The writing had been on the wall since the February reorganization at NBCUniversal when the company merged the cable network portfolios of chairmen Bonnie Hammer and Lauren Zalaznick under Hammer. In the restructuring, Lauren Zalaznick took on a new role as EVP NBCUniversal, “focusing on innovation, digital, monetization and emerging technology across the company.” Steve Burke just announced Zalaznick’s exit from the company after a 12-year tenure. Like Hammer, Zalaznick was a rising star at NBC Universal, originally making her mark running Trio and then growing fledgeling Bravo into a formidable asset. After the Comcast merger, she added to her purview cable network Style, Spanish-language broadcaster Telemundo and digital properties — including red-hot Fandango, which doubled its market share on her watch. (Telemundo has handed over to Joe Uva in February, while Hammer recently dropped the Style brand, transforming the network into Esquire.) While I hear Zalaznick was originally intrigued by her new role, she became itchy to return to an executive position where she runs a business vs. the more of a “suit” advisory post she was in. About three weeks ago, she approached NBCU CEO Steve Burke about transitioning out, and the plan was put into motion. Zalaznick is expected to return to the executive ranks, but maybe not at a traditional TV company. She has been interested in the junction between content and technology and has been advising and investing in several startups in that area. Read Burke’s memo — which also lays out the succession plan, with Cesar Conde taking on the bulk of Zalaznick’s reports — after the jump:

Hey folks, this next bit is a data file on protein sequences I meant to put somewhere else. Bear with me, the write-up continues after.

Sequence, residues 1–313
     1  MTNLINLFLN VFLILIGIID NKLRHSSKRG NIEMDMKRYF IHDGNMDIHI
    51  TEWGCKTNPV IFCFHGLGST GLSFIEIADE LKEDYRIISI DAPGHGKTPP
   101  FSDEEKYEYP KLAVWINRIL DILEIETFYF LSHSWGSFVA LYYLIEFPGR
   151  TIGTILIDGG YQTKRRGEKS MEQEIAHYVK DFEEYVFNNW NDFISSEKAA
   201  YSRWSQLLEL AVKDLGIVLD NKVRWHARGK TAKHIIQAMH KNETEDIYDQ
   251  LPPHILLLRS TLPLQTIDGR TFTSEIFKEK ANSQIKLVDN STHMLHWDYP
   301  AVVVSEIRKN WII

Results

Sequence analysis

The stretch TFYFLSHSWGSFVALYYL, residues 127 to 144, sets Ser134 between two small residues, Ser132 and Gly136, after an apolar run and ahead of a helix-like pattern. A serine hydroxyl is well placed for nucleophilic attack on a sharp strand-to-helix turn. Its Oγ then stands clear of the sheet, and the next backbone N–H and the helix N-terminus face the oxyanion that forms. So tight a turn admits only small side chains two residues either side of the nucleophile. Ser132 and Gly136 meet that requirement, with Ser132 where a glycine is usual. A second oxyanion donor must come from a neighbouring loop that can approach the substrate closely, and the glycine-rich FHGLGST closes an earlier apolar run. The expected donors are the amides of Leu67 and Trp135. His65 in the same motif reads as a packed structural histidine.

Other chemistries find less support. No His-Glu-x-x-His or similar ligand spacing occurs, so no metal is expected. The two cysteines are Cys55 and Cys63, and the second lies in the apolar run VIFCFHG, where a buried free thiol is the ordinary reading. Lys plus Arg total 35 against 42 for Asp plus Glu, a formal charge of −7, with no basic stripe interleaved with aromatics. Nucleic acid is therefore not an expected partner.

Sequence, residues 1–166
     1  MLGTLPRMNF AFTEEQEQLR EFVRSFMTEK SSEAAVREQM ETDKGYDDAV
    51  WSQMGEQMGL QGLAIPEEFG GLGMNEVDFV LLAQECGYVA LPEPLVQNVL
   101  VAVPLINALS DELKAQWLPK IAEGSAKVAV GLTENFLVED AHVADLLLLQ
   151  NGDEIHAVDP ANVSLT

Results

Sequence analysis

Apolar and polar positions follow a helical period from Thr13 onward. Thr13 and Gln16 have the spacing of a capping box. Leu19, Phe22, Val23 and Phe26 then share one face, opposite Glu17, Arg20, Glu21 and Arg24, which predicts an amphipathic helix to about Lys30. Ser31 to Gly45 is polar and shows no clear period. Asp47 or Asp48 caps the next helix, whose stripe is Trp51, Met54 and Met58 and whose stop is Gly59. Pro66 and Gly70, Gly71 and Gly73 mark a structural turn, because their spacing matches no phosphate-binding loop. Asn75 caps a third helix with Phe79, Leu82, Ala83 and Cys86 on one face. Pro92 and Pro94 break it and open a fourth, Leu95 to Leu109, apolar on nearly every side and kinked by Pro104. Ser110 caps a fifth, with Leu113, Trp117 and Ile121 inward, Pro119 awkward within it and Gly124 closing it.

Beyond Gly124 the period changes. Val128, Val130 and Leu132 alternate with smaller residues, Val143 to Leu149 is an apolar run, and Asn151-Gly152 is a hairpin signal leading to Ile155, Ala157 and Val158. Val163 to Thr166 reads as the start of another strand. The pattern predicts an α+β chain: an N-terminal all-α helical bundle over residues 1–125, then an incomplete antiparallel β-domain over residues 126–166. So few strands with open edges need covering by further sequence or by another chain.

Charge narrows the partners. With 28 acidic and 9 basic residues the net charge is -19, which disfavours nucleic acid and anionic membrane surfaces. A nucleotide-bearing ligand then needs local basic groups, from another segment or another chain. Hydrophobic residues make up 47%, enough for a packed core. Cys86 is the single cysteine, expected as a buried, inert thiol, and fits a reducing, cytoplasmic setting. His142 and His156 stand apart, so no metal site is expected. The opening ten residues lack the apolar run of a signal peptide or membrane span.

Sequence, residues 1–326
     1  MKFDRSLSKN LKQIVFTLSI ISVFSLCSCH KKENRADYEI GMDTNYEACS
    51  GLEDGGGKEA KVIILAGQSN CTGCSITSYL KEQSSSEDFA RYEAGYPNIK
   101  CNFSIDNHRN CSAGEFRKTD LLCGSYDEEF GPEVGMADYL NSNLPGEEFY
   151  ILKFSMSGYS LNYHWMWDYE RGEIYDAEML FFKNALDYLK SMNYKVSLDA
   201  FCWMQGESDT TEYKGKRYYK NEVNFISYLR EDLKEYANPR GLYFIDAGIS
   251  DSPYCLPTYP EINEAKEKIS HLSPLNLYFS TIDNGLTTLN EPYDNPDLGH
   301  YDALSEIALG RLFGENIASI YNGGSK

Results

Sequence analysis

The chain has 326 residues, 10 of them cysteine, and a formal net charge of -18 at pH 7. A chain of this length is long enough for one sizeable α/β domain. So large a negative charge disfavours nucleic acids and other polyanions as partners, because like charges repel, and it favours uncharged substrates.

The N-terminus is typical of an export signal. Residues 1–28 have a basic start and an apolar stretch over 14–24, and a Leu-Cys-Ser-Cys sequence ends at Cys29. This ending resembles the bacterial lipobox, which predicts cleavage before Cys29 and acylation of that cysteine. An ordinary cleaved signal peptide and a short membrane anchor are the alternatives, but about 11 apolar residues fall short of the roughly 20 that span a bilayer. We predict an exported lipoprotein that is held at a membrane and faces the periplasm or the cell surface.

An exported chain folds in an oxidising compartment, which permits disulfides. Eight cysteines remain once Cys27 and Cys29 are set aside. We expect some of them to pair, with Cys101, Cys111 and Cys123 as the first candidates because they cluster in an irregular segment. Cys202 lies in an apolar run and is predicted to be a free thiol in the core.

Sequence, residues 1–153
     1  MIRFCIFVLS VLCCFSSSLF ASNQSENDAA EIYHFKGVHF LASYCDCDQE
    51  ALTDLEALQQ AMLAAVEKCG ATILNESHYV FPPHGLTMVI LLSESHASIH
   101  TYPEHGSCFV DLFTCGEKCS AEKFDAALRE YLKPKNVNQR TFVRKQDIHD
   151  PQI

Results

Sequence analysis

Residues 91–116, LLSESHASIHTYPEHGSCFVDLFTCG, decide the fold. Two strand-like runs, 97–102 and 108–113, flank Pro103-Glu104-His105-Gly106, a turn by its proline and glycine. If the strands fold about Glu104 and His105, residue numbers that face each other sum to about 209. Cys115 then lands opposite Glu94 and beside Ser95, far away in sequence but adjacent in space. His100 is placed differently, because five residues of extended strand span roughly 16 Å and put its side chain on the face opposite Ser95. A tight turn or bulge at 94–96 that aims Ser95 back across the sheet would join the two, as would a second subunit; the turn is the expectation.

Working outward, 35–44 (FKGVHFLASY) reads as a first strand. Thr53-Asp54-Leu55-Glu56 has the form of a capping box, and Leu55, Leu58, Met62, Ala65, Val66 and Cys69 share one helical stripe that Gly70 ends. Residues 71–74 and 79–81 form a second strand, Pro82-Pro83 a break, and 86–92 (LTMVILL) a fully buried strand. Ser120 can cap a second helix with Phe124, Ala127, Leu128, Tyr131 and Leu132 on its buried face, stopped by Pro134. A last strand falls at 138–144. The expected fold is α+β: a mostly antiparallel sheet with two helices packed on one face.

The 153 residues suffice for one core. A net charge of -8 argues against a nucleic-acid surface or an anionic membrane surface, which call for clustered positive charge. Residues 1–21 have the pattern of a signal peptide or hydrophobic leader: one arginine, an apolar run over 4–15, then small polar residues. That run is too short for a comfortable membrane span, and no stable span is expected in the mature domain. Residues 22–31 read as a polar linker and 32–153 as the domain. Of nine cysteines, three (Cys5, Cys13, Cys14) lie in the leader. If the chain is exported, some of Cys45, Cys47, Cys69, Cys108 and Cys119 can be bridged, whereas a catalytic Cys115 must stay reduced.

The NBCUniversal chief puts the gap at as much as $1B even though NBC has “essentially the same cost structure” as ABC, CBS, and Fox. That’s bad news, right? Not to Steve Burke. He told investors at the Bank of America Merrill Lynch Media, Communications and Entertainment Conference today that it “represents a huge opportunity” to grow. Burke is upbeat about collecting more cash from retransmission consent deals with pay TV distributors. NBC made “virtually nothing” from cable and satellite companies two years ago and expects to see $200M in payments this year. That should continue to grow with 75% of NBC’s distribution deals expiring over the next three years. With other networks commanding big increases — including CBS from its recent showdown with Time Warner Cable — Burke sees “no reason why we won’t draft behind other broadcasters.” NBC also should see improvement in ad rates, which he says sell at about a 20% discount to its rivals. “Our ratings are lower than we’d like them to be.” That discount “will go away” although “it may not be in a year.” He expects big improvements this year with the Winter Olympics running on NBC in February, the middle of the broadcast season. “It will be a great launch pad for all of our spring shows….We feel like we’re putting ourselves in a position to do better this fall and spring.” Burke adds that his outlays for programming are under control — appreciating “in the mid-to-high single digit range” each year, although he hasn’t set budgets for next year yet.